I speed walk up the rest of the way up the hill and find Masha and her counselor. After explaining to Terri that I need to go back and get my sons signed out, I load Masha into the van and drive back down to the pavilion. I set her up with her lunch, leave all the windows down and go out to locate my sons. About 20 feet from the van I see them and they see me and come running. Suddenly a tall man steps directly in my path and almost chest bumps me.
He is in my space and in a loud voice says, “Is there a problem?”
“No,” I answer, “I am here to sign out my sons.” Who are now standing right next to me looking worried.
“My group leader tells me that you have a problem with that.” He is staring me down.
“Oh,” I begin, “I have a daughter that…”
“I know who your kids are.” He cuts me off.
“I was here yesterday and talked to Terri and she said I had to pick Masha up by 11:30 because there is no paid staff that can watch her after that and…”
He cuts me off again, “That’s not true. They are up there until 11:45 waiting to load the buses.”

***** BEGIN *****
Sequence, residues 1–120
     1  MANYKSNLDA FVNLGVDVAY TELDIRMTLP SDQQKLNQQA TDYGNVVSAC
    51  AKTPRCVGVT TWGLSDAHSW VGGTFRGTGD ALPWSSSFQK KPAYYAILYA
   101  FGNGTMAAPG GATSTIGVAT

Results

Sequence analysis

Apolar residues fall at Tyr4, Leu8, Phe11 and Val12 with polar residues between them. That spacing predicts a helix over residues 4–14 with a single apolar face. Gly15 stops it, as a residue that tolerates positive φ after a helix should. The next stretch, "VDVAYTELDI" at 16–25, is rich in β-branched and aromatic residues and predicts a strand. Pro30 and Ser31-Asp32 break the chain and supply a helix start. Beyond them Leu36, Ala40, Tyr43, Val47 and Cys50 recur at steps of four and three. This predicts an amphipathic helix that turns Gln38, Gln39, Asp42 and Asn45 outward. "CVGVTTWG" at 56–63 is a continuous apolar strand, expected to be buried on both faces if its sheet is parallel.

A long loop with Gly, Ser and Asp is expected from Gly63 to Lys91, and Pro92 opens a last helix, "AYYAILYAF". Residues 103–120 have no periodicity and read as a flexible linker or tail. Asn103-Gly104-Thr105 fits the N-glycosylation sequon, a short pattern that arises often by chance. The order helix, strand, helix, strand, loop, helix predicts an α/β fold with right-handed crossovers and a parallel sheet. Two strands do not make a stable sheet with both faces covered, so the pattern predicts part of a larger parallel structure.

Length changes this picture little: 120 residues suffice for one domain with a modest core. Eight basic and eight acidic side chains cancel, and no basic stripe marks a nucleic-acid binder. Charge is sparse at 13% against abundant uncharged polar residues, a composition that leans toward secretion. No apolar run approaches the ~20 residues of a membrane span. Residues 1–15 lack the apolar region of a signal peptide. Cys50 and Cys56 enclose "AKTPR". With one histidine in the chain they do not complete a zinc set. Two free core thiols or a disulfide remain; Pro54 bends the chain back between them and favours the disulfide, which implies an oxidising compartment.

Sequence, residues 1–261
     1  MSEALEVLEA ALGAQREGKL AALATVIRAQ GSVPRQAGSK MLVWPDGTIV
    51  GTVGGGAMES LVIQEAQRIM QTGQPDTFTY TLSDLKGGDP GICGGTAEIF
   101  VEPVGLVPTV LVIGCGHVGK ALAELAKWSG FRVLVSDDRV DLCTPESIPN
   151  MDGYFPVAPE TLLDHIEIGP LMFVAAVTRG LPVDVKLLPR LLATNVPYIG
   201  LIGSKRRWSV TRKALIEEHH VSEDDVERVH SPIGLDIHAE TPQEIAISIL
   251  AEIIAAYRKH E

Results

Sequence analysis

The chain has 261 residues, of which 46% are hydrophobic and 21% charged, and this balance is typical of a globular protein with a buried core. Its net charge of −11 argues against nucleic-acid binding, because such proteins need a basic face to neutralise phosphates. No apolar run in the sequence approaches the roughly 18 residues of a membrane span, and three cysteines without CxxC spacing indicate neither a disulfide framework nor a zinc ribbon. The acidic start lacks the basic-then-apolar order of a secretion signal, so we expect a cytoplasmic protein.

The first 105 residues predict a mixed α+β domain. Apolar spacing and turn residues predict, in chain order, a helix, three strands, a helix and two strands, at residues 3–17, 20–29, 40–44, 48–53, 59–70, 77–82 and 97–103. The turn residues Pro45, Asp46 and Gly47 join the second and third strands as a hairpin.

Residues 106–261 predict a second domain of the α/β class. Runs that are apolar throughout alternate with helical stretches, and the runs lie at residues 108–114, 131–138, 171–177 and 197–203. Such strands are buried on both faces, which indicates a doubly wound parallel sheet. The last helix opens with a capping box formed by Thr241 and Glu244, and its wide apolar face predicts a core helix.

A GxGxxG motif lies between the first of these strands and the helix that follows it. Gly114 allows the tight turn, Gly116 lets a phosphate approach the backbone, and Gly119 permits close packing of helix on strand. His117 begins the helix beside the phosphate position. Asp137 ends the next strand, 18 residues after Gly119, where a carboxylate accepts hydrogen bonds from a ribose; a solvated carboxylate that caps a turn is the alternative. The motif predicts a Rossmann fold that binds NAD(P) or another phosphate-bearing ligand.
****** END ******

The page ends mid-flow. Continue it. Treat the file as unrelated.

“I am only telling you what I was told, and I needed to go get…”
“I don’t want to hear you talking,” he shouts. “If you have a problem with signing your kids out then maybe you should REMOVE them from camp.”
This was the what-the-fuck moment for me, my friends. Some guy I never met before is in my face, aggressively speaking to me in front of my sons, refuses to let me speak, and then tells me that I should take my kids out of camp for good? Yeah, no.
I push my sunglasses up onto my head so he can see me look him right in the eyes, and I ask to speak to his supervisor. At which point he tells me that HE IS THE SUPERVISOR and that this is HIS CAMP.
“And this is my town which pays for your camp. Now where do I sign my kids out?” I say as I side-step my way around him and start walking toward the pavilion. My poor sons stood frozen with fear.
He followed me, yelling that the sign out sheet was in the office building. So I entered the little wooden camp building and looked around. It was filled with counselors. He comes in behind me and continues YELLING at me that it is to the right, TO THE RIGHT.
“You would know this,” he goes on, “if you bothered to follow the rules.”
I finally yell back at him, “But I DON”T know this, because I have NEVER had to pick up my kids from camp before!”
The camp secretary also happens to be the secretary at our local elementary school. She is standing there looking shocked and nervous. With a shaky hand, I sign my boys out and turn to leave. As I pass him, he starts in again.
“Tomorrow when you see me…”